This cutting-edge collection of essays offers provocative studies of ancient history, literature, gender identifications and roles, and subsequent interpretations of the republican and imperial Roman past. The prose and poetry of Cicero and Petronius, Lucretius, Virgil, and Ovid receive fresh interpretations; pagan and Christian texts are re-examined from feminist and imaginative perspectives; genres of epic, didactic, and tragedy are re-examined; and subsequent uses and re-uses of the ancient heritage are probed with new attention: Shakespeare, Nineteenth Century American theater, and contemporary productions involving prisoners and veterans.
Comprising nineteen essays collectively honoring the feminist Classical scholar Judith Hallett, this book will interest the Classical scholar, the ancient historian, the student of Reception Studies, and feminists interested in all periods. The authors from the United States, Britain, France and Switzerland are authorities in one or more of these fields and chapters range from the late Republic to the late Empire to the present.
Table of Contents
Notes on Contributors Introduction to a Force of Nature Donald Lateiner and Amy Richlin Part 1: Roman Literature 1. Cicero and the Alien Erich S. Gruen 2. Frigidus Sanguis: Lucretius, Virgil, and Death Michael C.J. Putnam 3. Troy and Trauma in the Aeneid Marilyn B. Skinner 4. Poetic Doubling Effects in Ovid’s ‘Ceyx and Alcyone’ (Met. XI): Donald Lateiner 5. Naso and Gods Timothy Peter Wiseman 6. A Note on Fame and the ‘Widow of Ephesus’ Sheila Dickison Part 2: Gender 7. The Fragments of Terentia Amy Richlin 8. Onomastics, Intertextuality, and Gender: ‘Phyllis’ in Roman Poetry Jacqueline Fabre-Serris 9. Woman Warrior? Aeneas’s Encounters with the Feminine Thomas Van Nortwick 10. ‘And I Became a Man’: Gender Fluidity and Closure in Perpetua’s Prison Narrative Barbara K. Gold 11. Dynastic Weaving: Claudian, Carmina minora 46-48 Henriette Harich-Schwarzbauer Part 3: Reception 12. The Spectacle of ‘Bare Life’ in Martial’s Liber Spectaculorum and Martyr Discourse Judith Perkins 13. The Role of Physicians in the History of Greek Sport and the Olympic Revival Hugh M. Lee 14. Alessandro Piccolomini’s Translation of Xenophon’s Oeconomicus Diana Robin 15. Bianca: The Other African in Othello Jane Donawerth 16. Talfourd’s Ion: Classical Reception and Gender in Nineteenth-Century Philadelphia Lee T. Pearcy 17. Women and Classics in Victorian Oxbridge: Parallels and Contrasts Christopher Stray 18. Ancient Myth and Feminist Politics: The Medea Project and San Francisco Women’s Prisons Nancy Sorkin Rabinowitz 19. Theaters of War Jana Adamitis and Mary-Kay Gamel Publications of Judith P. Hallett Index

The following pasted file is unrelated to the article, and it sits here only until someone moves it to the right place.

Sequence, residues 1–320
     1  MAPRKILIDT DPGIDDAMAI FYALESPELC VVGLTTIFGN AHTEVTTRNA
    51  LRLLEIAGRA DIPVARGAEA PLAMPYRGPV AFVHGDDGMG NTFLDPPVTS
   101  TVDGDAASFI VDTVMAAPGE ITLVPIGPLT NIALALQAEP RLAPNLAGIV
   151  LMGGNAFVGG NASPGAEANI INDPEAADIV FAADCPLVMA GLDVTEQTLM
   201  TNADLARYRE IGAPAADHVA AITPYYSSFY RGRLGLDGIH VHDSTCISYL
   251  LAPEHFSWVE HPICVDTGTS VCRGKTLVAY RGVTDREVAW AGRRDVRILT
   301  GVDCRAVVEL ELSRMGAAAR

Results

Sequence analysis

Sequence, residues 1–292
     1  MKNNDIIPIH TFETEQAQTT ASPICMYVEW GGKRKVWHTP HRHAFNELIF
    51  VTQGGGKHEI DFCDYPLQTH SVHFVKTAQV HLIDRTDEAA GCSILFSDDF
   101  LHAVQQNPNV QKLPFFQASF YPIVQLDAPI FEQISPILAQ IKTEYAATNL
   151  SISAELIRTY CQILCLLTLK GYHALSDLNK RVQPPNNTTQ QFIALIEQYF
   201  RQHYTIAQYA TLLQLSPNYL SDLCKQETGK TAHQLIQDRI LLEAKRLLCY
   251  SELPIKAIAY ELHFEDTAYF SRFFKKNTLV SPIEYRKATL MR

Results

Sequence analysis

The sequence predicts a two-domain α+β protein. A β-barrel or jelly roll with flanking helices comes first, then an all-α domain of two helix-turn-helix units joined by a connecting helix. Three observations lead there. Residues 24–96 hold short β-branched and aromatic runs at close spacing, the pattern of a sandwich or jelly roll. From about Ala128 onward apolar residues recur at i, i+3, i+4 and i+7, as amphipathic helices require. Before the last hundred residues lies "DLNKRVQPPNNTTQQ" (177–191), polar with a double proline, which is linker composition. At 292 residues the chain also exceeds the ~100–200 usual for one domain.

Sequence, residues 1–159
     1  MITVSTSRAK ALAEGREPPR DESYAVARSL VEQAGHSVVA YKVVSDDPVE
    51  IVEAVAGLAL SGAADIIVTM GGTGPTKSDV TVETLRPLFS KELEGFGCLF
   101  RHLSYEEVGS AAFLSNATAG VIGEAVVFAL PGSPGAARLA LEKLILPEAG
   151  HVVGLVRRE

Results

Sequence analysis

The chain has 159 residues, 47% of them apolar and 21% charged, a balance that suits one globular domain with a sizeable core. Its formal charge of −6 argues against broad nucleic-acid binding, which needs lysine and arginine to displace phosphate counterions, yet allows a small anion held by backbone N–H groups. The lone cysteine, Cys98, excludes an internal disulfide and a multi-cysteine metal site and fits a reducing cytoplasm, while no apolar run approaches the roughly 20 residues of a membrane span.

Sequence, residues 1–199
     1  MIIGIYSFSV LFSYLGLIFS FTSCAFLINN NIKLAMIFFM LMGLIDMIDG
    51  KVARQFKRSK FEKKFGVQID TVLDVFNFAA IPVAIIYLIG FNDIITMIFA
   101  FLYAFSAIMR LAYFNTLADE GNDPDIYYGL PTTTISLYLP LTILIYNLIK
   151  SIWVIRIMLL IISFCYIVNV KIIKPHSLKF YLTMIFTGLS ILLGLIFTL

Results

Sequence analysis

Donald Lateiner teaches Greek, Latin and Ancient History at Ohio Wesleyan University. He has published more than sixty articles and over one hundred book reviews, usually on topics connected to Hellenic historiography, nonverbal behaviors in ancient epic, and in the Greek and Roman novels.
Barbara K. Gold is Edward North Professor of Classics at Hamilton College. Her edited volume, A Companion to Roman Love Elegy, was published in 2012. She has published widely on satire, lyric and elegy, feminist theory and late antiquity.
Judith Perkins is Professor of Classics and Humanities emerita at the University of Saint Joseph. She is has authored and edited several titles, including (with Ronald F. Hock and J. Bradley Chance) Ancient Fiction and Early Christian Narrative (1998).
"If the title of the book reflects the scholarly interests of the dedicatee, the articles pay due homage to the curiosity and acumen she displays in her own numerous books and articles. Each contribution is worthy of reading, but those in the "Reception" section are especially engaging, introducing readers to the often strange and always fascinating subject of classical antiquity’s influence on the art and literature of subsequent ages, including the present. Summing up: Highly Recommended." – M.J. Johnson, Vanderbilt University, CHOICE
"This Festschrift for Judith Hallett of the University of Maryland is lavishly gift-wrapped for the honorand. Most classicists at any level should find several of these papers interesting. They offer highly speculative, but nonetheless plausible arguments for intriguing fresh ideas." – James Jope, Bryn Mawr Classical Review (BMCR)